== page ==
01/29/2007 1:00AM

Guild makes plea to aid banned jocks


The Jockeys' Guild, the national organization that represents riders, has sent a letter to a racetrack trade group and three racetracks in order to protest the expulsion of 10 riders from the tracks in December.

The letter, which was written by the guild's national manager, Dwight Manley, and sent to the Thoroughbred Racing Associations, Philadelphia Park in Pennsylvania, and Calder Race Course and Tampa Bay Downs in Florida, called the expulsions "unlawful and harmful" and asked that the jockeys be allowed to return to the racetracks to ride.

"While your racetracks are private property, they are not exempt from the obligation to provide jockeys with due process before they are prevented from earning a living," Manley wrote. "You are acting in concert to deprive these individuals of gainful employment that would otherwise be available to them."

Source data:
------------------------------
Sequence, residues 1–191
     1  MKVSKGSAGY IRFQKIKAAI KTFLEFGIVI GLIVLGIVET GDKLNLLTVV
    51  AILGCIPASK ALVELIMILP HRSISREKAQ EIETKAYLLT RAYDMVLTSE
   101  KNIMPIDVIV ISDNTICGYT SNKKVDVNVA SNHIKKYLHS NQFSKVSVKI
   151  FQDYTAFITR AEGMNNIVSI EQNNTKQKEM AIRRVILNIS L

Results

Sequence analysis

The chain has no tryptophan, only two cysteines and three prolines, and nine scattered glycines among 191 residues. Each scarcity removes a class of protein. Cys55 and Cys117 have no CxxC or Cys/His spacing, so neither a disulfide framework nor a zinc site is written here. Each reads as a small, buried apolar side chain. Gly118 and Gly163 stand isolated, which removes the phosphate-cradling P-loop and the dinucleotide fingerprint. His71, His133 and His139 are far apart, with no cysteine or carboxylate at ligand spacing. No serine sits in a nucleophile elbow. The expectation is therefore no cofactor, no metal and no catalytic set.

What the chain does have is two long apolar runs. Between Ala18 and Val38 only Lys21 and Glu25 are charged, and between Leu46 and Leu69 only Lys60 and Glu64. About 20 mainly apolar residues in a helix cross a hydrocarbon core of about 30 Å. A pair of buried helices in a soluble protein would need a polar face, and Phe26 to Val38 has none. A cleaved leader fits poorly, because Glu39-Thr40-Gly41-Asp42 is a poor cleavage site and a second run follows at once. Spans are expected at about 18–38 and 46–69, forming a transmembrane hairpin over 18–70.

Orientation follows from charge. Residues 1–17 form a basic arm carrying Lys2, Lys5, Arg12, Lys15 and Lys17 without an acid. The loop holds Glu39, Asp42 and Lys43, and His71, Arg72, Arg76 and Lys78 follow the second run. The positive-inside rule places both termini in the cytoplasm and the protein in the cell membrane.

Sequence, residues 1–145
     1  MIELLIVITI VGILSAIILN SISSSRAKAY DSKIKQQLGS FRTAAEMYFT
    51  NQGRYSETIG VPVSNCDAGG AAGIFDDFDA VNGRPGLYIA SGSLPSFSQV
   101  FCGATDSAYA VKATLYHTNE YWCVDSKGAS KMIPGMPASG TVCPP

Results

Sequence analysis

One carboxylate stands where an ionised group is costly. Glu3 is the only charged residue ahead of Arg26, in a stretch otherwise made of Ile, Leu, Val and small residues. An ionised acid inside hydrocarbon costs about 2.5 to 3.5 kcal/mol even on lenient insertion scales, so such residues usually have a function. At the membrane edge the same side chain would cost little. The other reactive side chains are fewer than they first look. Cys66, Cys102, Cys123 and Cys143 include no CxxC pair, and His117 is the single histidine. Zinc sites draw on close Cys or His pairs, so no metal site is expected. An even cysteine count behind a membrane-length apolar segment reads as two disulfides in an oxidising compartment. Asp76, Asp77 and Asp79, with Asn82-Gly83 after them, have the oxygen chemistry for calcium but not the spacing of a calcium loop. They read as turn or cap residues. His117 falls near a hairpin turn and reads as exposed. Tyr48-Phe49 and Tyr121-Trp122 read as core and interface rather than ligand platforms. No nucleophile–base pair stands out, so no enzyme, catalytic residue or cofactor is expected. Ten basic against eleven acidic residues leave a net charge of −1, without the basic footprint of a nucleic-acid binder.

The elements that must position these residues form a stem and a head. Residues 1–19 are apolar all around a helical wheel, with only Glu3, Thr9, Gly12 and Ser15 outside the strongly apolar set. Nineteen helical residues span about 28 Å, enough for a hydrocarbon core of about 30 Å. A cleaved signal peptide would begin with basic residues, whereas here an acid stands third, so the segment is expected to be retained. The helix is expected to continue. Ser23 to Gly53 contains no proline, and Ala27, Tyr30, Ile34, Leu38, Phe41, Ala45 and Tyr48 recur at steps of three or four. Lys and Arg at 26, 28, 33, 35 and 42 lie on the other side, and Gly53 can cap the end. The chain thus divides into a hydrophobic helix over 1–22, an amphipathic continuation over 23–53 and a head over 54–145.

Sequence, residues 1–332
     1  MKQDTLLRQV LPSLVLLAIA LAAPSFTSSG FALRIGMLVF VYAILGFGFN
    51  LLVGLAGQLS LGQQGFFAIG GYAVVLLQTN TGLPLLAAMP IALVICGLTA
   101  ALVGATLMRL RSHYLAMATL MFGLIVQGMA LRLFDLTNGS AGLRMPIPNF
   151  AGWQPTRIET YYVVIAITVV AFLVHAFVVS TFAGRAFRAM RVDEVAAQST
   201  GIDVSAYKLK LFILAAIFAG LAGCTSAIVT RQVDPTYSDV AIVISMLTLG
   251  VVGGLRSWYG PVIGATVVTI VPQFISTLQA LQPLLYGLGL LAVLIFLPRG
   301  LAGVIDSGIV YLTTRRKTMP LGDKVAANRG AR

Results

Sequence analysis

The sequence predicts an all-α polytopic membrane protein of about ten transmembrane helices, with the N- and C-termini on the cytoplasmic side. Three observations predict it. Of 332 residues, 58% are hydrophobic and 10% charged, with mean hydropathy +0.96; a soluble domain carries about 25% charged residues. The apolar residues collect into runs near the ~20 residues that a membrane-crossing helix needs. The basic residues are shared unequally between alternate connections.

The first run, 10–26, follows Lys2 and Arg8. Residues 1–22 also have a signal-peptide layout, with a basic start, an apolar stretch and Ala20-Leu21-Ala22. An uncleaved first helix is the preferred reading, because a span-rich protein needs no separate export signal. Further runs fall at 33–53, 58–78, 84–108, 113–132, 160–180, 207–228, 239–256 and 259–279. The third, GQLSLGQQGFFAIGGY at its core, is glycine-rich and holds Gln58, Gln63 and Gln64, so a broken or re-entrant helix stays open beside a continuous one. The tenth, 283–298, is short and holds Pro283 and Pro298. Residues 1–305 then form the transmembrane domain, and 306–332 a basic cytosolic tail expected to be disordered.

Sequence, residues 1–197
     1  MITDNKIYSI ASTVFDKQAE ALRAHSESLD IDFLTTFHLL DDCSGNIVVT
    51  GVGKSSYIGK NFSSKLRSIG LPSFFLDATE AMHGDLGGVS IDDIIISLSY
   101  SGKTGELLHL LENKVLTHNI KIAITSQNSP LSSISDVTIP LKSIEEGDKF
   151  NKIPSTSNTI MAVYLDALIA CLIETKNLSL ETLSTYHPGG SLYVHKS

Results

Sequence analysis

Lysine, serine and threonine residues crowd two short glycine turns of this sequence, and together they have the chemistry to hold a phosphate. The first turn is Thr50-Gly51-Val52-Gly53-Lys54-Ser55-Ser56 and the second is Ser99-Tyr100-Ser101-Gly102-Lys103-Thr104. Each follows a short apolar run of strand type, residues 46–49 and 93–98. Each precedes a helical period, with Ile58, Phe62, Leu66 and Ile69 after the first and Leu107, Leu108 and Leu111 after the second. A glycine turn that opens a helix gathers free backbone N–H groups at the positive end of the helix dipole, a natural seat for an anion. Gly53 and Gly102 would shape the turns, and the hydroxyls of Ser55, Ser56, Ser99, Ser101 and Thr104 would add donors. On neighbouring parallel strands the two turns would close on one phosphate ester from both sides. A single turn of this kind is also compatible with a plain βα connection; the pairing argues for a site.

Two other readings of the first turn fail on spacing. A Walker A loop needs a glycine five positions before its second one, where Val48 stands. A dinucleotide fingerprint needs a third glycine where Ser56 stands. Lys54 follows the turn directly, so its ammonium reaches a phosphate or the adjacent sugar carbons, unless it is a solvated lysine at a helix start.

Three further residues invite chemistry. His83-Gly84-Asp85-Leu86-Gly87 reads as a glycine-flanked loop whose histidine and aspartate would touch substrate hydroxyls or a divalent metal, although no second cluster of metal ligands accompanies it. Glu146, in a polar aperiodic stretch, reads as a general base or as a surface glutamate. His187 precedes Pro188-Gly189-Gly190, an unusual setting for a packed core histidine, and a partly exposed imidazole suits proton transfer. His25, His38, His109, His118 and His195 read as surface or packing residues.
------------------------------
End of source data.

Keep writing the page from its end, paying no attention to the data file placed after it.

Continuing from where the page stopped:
The three racetracks banned a total of 10 riders in December, citing their rights as private-property owners and an ongoing investigation by the Thoroughbred Racing Protective Bureau, an investigative unit owned by the TRA. No racing officials or TRPB officials have commented about the nature of the investigation.

Chris Scherf, the executive vice president of the TRA, and Hal Handel, the chief executive officer of Philadelphia Park, both declined to comment on the letter but acknowledged that they had received it. Officials at Calder and Tampa could not be reached Monday.

The letter cited the Sherman Anti-Trust Act and "various federal court rulings" to argue that the tracks had violated the riders constitutional rights. Courts have consistently ruled, however, that racetracks have the right to bar individuals from the grounds.

Many of the jockeys have been barred from other tracks and have not returned to race-riding. Last weekend, one of the riders who was banned at Calder, Rene Douglas, was allowed to ride at Gulfstream Park in Florida.